By Hannah Jessen, HRC Communications Director
For the first time during a presidential speech, I truly felt like I had something at stake. When President Obama stepped up to the podium Thursday night to give his speech on immigration, I was nervous. I thought back to the first time I met them – the three siblings who were curious about the afterschool tutoring program. They quickly became some of the “regulars,” and I love them like they were my own little siblings. These kids are from Guanajuato, Mexico, and I had the privilege of hearing the story of how they came to the U.S. when I interviewed their mother for a class project last year. I saw how America’s broken immigration system has affected not only this family but countless others in Carrboro, in North Carolina and around the nation.
After spending nearly a decade in the U.S., this family was considering returning to their home in Mexico. When I talked to the mom about it, she said family was the main reason. But there was something else that was driving them away from this new life they had created for themselves: fear. The fear of deportation, of being arrested and of being separated as a family weighed heavily on the parents’ hearts. Two of the three siblings are U.S. citizens and don’t have to look over their shoulders constantly. But for the parents and the oldest sibling, life here has been and would continue to be a challenge.
The U.S. deportation machine has been growing larger in the recent years, and with it, the fear these immigrants feel. Deportations under Obama alone are approaching the two million mark, and there are an estimated 5,100 children in foster care whose parents have been detained or deported. One of my professors told me she knows mothers who have asked her to take in their kids if they should suddenly be deported. There is no freedom in a life such as this, in which the people and the things you care about most could be snatched away from you at any given second, without any prior warning.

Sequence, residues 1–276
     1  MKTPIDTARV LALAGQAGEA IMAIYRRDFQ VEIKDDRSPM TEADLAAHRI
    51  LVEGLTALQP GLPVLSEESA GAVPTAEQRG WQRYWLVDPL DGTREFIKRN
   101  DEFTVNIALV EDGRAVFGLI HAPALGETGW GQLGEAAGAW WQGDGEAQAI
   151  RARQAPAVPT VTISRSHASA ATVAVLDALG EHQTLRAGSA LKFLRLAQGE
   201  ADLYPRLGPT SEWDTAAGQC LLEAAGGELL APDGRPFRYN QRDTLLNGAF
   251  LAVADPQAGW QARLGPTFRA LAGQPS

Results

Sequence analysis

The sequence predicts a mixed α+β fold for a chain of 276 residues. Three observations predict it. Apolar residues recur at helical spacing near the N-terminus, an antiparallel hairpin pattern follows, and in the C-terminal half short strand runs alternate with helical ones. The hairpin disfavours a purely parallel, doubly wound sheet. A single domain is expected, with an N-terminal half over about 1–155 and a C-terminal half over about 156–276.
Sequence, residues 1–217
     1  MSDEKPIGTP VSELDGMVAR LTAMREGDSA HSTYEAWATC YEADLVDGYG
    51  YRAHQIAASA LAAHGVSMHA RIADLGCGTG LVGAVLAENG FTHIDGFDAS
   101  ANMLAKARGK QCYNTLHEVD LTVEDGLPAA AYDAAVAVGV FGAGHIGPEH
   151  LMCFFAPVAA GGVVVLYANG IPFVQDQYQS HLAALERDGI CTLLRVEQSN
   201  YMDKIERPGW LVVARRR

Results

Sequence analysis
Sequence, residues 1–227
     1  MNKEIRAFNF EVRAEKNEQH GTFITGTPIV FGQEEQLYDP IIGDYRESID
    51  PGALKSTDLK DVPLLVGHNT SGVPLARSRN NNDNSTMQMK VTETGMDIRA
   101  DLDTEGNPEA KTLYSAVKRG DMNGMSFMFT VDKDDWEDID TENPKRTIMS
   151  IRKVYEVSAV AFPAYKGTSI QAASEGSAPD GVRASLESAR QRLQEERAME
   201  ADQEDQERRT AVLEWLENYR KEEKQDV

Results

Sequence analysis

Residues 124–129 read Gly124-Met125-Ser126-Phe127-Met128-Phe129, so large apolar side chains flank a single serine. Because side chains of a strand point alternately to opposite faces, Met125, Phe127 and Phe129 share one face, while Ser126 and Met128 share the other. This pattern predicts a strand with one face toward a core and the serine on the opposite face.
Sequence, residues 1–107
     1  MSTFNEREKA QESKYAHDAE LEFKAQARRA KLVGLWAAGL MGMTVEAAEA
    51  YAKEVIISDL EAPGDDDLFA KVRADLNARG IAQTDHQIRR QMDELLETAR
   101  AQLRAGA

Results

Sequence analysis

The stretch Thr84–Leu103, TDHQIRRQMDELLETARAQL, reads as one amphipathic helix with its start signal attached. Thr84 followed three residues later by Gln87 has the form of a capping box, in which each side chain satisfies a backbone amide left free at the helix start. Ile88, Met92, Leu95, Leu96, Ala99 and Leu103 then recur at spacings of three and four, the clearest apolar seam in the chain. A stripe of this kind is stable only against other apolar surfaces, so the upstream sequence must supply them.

Circumstances shifted slightly Thursday night when Obama announced he would spare five million undocumented immigrants from deportation, allowing them to stay temporarily for another three years. This family I’ve written of was a perfect candidate for this reprieve. They have been here more than five years, they have U.S. citizen children, they contribute to the U.S. economy, etc. And to my joy, we found out on Friday that they are going to stay. But there are over 11 million other undocumented immigrants who live with a lingering fear in the back of their minds that they or their loved ones will be caught. Even with these new promises, still more than half of the undocumented immigrants is left out. So while this was a step in the right direction, there is still much work to be done within immigration reform.
After Obama’s speech, some celebrated while others accused him of ignoring the will of the people. The irony of that statement is that there were at least five million people he did not ignore. By giving a blanket statement such as the will of the “people”, it automatically creates a hierarchy in which certain people’s desires are not even worthy of being acknowledged. He didn’t ignore the will of the people – he listened to the voices of the people who all too often are drowned out by the louder ones.